The settlement of Poverty Point, occupied from about 1700 to 1100 BC and once the largest city in North America, stretches across 345 acres in northeastern Louisiana. The structural remains of this ancient site-its earthen mounds, semicircular ridges, and vacant plaza-intrigue visitors as a place of artistic inspiration as well as an archaeological puzzle. Poverty Point: Revealing the Forgotten City delves his enduring piece of Louisiana's cultural heritage through personal introspection and scientific exploration.
With stunning black and white photography by Jenny Ellerbe and engrossing text by archaeologist Diana M. Greenlee, this imaginative and informative book explores in full Poverty Point's Late Archaic culture and its monumental achievements. Ellerbe's landscapes and commentary reflect the questions and mysteries inspired by her many visits to the site, and Greenlee delves into the most recent archaeological findings, explaining what past excavations have revealed about the work involved in creating its mounds and the lives of the people who built them. The conversation between artist and archaeologist also presents some of the still-unanswered questions about this place: What was the city's function in the ancient world? How did its people acquire their stone materials, some of which originated over a thousand miles from Poverty Point?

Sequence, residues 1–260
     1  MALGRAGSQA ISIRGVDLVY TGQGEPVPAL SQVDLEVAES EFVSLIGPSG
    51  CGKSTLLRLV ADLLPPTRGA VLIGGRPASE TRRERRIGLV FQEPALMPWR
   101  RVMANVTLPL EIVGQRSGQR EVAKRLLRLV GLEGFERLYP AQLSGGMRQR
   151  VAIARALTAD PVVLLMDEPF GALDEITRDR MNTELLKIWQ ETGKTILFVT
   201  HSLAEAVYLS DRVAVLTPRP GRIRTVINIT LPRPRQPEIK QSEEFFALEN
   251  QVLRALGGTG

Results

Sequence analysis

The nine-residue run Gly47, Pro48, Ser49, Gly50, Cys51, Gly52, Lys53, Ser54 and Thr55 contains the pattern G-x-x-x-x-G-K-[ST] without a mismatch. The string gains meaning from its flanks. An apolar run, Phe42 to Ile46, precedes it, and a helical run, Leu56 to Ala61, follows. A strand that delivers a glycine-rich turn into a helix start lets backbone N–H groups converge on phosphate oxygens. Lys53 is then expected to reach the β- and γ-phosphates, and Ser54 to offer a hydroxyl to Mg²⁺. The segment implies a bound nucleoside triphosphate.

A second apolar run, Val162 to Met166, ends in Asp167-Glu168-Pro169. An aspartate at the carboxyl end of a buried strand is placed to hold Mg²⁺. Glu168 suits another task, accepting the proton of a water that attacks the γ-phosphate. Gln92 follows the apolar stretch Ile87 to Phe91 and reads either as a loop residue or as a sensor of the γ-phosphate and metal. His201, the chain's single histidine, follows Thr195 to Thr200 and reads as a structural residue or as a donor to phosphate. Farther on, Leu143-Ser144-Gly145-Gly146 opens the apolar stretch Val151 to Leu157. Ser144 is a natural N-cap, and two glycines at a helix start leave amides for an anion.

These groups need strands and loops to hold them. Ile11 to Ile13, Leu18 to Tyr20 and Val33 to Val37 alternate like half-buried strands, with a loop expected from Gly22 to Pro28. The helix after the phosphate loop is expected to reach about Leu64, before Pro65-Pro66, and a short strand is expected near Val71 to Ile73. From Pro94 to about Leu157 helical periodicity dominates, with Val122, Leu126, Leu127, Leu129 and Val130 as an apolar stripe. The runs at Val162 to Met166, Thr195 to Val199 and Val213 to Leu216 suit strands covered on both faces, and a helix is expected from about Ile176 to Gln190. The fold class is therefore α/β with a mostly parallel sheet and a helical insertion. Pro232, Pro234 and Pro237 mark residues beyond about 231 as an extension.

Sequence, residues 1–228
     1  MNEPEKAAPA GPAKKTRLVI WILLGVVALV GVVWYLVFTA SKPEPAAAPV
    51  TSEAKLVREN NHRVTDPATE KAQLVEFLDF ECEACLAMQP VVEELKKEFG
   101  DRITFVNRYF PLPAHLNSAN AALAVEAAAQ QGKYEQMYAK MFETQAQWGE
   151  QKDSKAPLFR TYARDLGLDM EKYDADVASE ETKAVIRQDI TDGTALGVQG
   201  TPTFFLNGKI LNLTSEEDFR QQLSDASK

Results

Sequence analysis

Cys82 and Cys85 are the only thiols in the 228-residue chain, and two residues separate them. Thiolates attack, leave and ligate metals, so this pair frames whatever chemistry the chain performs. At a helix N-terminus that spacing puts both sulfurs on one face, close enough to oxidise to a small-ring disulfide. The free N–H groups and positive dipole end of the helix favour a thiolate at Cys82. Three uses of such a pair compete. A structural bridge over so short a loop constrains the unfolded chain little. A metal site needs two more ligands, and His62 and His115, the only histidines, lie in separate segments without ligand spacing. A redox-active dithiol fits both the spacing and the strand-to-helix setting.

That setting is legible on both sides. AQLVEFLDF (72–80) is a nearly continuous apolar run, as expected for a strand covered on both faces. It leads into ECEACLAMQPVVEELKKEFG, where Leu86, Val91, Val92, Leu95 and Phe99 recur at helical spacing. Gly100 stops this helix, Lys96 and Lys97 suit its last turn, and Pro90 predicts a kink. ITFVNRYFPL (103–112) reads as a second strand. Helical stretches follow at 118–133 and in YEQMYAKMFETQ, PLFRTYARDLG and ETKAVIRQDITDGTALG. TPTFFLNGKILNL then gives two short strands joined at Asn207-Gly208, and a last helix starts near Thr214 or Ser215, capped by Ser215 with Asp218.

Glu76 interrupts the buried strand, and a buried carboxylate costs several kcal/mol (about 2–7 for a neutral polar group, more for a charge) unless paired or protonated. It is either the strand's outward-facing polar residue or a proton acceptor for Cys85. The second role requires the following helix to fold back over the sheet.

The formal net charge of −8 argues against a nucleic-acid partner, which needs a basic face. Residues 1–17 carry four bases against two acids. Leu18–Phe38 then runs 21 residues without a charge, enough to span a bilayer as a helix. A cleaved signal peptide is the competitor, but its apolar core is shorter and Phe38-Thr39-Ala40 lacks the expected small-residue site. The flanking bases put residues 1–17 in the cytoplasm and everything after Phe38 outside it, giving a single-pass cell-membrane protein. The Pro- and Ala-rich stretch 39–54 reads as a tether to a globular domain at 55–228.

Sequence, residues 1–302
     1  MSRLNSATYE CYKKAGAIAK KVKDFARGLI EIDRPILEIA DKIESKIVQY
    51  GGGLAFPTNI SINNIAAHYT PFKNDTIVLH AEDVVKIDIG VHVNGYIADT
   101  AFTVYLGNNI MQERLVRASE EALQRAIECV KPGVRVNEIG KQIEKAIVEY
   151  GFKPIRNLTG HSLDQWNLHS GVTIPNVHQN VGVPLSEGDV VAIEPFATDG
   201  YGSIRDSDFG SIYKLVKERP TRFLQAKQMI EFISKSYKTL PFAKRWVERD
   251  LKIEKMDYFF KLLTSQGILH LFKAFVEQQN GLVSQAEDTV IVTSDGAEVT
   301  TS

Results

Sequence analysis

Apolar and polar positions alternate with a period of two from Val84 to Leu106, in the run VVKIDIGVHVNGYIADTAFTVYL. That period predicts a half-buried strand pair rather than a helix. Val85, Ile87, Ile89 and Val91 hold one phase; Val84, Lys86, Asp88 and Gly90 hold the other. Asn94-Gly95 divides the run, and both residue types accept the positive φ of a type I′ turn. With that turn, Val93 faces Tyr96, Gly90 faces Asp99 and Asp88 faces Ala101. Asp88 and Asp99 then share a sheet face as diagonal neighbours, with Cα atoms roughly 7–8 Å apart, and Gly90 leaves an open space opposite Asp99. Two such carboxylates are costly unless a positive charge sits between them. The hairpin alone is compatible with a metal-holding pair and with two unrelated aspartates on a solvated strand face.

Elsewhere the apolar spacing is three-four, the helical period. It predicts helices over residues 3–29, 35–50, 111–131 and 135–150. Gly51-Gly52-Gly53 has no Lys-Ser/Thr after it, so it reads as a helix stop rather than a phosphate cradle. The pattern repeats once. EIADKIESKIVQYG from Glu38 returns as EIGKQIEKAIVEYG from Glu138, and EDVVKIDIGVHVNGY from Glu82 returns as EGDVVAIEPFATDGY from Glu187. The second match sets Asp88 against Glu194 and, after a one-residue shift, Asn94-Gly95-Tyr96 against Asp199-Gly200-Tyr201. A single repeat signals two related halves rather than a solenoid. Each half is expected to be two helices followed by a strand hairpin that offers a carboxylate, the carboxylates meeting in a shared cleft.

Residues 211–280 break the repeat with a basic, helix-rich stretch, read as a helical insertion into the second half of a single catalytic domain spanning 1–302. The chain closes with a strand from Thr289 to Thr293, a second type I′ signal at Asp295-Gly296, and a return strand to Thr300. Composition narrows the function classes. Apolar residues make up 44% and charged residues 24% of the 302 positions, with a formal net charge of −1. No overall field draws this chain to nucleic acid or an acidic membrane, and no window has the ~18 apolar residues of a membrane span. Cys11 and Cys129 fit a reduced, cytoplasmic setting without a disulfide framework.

Recognized by UNESCO as a World Heritage Site in 2014, Poverty Point remains a historical treasure with many secrets still buried in its past.